Benign pulmonary nodules are small growths or lesions found on lungs. These nodules have a wide variety of causes ranging from infection and inflammation to abnormal tissue growth.
Lung nodules are small growths or lesions on the lungs, usually less than 3 cm in size. They are typically classified in two categories, cancerous and non-cancerous or benign nodules. Most of the nodules on the lungs which are smaller in size are usually benign, and the larger masses show a greater probability to be cancerous.
Pulmonary nodules usually display no symptoms of their own; however some symptoms such as shortness of breath, wheezing, coughing etc. might be present in some of the patients. Benign nodules can be caused due to a wide variety of diseases which affect the lungs.
Pulmonary bacterial infections such as tuberculosis and pneumonia can cause a lung nodule even after the infection is controlled or eliminated. Such infections result in inflamed tissue or scar tissue which can be seen as nodules in chest X-rays. Nodules caused due to infection are usually found in groups.
Lung diseases can also be caused due to certain types of fungus. Histoplasmosis is a fungal infection contracted by coming in contact with bat or bird feaces containing the fungus.Other fungal infections or the lung are coccidioidomycosis, cryptococcosis and aspergillosis, all of which can lead to lung nodules, even after the infection is treated.
All these diseases can cause inflammation in the lung tissue, forming into granulomas or a small cluster of inflamed cells. These granulomas can calcify over a period of time.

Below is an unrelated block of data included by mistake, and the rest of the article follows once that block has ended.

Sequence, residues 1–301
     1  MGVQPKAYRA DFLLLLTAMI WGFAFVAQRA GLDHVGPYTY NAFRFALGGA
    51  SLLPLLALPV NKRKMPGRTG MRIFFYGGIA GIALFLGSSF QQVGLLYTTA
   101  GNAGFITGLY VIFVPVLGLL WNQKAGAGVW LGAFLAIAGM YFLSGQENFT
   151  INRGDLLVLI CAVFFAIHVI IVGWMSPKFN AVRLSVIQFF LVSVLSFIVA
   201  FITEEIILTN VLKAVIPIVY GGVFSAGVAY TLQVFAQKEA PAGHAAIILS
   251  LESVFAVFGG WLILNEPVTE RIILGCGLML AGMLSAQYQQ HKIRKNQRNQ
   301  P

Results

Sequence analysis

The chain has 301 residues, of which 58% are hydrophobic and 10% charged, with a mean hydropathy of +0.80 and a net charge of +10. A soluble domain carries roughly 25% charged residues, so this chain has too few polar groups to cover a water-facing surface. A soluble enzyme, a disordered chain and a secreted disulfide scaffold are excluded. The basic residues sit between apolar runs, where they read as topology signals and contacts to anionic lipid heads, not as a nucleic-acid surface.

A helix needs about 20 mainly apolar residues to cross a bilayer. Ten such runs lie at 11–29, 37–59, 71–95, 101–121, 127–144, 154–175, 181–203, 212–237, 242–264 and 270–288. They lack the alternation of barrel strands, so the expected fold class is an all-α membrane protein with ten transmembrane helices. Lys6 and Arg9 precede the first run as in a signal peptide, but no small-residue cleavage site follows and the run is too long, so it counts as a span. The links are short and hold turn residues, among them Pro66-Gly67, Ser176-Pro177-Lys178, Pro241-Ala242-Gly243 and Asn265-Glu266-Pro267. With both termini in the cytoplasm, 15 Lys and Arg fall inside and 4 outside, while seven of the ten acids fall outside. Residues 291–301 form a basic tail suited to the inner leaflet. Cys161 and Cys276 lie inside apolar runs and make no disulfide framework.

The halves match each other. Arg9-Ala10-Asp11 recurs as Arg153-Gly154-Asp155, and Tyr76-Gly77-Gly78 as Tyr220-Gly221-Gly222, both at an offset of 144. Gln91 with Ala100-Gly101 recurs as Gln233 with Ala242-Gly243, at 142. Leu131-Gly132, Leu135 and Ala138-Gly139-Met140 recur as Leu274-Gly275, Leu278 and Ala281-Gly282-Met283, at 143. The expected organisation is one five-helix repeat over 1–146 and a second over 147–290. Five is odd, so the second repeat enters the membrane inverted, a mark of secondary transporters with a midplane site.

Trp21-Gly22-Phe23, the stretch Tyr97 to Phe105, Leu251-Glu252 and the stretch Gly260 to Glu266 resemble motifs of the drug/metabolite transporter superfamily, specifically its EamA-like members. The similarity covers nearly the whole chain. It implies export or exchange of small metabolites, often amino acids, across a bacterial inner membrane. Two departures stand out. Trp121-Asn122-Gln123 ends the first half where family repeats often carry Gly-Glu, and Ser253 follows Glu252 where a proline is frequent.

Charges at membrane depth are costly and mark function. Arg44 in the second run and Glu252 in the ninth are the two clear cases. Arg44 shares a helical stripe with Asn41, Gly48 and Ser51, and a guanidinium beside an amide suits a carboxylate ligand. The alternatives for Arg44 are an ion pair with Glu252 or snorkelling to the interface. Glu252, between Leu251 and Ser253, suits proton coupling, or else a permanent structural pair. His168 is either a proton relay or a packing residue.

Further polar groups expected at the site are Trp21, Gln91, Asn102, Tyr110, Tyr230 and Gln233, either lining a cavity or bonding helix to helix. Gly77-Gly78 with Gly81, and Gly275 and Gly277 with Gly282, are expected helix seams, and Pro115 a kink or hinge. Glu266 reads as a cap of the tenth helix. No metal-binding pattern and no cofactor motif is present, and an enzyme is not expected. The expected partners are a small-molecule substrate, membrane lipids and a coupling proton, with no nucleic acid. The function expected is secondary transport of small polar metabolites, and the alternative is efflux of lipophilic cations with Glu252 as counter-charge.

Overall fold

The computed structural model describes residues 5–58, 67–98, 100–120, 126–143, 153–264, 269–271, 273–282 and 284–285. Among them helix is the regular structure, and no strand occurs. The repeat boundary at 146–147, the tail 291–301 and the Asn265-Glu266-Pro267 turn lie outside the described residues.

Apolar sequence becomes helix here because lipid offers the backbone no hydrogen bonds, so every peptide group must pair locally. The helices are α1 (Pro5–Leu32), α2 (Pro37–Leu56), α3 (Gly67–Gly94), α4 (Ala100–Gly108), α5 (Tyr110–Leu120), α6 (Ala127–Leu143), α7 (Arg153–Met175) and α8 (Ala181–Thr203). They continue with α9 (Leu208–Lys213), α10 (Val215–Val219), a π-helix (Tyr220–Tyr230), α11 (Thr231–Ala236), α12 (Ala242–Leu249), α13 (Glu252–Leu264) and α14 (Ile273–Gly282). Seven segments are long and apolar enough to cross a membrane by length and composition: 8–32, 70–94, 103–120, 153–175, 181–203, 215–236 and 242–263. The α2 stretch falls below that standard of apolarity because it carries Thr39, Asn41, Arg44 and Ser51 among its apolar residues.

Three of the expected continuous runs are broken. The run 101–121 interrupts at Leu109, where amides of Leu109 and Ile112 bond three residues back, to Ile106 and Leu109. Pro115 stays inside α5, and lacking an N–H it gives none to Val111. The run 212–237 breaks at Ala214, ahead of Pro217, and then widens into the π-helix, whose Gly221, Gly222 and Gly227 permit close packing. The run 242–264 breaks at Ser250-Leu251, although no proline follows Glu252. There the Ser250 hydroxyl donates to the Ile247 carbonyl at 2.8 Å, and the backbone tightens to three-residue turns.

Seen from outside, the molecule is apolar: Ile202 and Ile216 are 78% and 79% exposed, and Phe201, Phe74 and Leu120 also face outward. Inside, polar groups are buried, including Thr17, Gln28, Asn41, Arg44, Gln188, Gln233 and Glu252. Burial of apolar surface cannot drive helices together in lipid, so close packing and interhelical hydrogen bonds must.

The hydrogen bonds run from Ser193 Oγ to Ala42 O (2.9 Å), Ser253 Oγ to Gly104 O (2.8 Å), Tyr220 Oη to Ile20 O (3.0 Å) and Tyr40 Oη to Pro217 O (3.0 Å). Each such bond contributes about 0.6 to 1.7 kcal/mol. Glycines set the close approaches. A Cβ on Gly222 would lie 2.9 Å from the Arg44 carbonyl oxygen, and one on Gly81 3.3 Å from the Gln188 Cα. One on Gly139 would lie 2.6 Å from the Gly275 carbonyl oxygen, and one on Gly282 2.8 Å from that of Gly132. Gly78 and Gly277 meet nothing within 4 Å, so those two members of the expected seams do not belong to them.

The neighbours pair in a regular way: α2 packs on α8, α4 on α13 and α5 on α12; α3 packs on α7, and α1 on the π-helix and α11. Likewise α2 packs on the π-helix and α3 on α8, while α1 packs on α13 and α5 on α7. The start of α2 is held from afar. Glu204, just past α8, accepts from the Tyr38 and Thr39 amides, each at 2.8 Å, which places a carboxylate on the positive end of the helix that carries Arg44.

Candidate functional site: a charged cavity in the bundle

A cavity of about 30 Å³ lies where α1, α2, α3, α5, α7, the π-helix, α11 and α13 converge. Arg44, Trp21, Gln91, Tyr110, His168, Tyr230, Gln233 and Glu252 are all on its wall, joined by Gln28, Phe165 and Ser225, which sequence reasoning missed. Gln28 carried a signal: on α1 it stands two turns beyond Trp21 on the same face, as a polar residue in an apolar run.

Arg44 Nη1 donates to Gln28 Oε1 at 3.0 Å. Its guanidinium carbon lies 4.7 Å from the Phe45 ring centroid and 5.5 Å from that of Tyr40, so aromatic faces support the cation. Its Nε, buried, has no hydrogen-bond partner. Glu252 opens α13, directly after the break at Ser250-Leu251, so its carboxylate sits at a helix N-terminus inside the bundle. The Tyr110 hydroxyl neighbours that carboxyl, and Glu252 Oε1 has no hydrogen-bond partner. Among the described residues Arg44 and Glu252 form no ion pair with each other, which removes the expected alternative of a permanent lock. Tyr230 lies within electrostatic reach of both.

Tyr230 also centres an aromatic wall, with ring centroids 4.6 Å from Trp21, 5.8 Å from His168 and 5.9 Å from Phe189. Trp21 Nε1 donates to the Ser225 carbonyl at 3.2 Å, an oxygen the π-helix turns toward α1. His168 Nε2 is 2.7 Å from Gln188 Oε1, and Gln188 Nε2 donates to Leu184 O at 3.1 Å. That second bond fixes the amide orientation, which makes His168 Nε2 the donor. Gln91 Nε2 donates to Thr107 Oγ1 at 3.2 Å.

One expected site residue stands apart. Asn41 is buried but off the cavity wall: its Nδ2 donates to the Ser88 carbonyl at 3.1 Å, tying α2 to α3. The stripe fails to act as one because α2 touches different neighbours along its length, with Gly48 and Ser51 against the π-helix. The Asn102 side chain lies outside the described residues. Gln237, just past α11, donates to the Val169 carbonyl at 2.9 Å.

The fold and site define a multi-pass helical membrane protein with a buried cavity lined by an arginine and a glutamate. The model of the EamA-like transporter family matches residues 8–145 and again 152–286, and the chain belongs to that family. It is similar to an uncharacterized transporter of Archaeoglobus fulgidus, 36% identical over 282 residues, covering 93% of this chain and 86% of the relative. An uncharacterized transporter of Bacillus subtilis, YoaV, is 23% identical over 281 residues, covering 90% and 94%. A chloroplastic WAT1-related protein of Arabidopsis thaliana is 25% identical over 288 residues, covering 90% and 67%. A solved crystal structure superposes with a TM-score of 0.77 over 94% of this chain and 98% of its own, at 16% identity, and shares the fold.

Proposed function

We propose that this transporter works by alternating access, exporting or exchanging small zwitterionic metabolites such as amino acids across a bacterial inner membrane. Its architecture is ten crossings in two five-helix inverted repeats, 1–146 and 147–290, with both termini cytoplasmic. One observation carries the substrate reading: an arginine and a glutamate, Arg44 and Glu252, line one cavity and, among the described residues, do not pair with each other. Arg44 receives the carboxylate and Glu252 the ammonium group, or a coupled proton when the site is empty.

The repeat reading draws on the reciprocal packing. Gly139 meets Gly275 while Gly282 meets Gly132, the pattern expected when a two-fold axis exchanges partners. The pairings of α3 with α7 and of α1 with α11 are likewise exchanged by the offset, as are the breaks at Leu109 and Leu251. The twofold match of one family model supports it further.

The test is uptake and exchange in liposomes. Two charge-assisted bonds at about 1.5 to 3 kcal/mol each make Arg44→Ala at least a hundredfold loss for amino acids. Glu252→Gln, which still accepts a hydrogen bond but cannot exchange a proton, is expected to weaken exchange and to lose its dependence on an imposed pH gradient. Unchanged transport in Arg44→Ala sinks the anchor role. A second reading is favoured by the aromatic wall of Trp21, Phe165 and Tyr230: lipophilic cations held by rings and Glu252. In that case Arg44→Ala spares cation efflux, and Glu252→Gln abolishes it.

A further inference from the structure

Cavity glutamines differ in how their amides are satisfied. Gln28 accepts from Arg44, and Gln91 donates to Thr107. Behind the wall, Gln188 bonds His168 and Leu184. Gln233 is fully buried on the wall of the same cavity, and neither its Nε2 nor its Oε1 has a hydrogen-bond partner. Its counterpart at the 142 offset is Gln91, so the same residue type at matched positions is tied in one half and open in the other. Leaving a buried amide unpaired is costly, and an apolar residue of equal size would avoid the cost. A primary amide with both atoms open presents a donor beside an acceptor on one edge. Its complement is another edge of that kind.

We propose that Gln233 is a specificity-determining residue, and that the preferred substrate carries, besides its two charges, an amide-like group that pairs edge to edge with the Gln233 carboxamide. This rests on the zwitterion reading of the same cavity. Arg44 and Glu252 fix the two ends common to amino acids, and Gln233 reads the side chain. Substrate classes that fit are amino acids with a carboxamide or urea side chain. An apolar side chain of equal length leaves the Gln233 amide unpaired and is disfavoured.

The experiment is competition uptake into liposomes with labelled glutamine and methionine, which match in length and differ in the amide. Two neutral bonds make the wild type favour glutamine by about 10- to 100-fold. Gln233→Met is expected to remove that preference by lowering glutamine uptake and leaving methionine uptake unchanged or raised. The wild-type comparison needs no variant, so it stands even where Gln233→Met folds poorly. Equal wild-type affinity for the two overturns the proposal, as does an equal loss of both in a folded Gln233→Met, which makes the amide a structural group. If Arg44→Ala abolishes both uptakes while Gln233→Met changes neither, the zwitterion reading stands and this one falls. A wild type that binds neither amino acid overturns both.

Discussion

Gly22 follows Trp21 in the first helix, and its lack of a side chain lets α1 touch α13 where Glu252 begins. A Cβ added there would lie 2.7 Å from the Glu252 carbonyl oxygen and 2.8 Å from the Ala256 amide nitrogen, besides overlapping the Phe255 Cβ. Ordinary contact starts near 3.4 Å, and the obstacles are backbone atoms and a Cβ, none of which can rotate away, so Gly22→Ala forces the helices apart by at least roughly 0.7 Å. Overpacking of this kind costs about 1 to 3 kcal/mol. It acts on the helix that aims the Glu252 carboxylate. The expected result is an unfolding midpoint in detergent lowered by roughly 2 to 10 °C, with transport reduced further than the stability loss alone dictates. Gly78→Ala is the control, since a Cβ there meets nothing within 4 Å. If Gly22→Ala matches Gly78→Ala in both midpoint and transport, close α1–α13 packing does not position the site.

Autoimmune diseases also cause inflammation in lung tissue which can lead to nodule formation. Autoimmune diseases such as rheumatoid arthritis and Wegener's granulomatosis can cause thickening and scarring of lung tissue which causes lesions on the lungs.
Sarcoidosis is a disease which leads to abnormal collections of inflammatory cells which can be found in lungs, skin and/or lymph nodes, or rarely in other parts of the body. The exact cause of sarcoidosis is unknown and for many patients the disease disappears after several years. Sarcoidosis is diagnosed after other causes of pulmonary inflammation, such as tuberculosis and autoimmune diseases are ruled out.
While most of the smaller nodules present on lungs are benign, the relatively larger ones can represent cancer. Developing cancerous nodules is more likely if you have a genetic predisposition to lung cancer or if you are exposed to toxic materials such as asbestos or nicotine due to smoking. The best way to avoid developing cancerous nodules is to discontinue smoking and avoid exposure to toxic materials and passive smoking.
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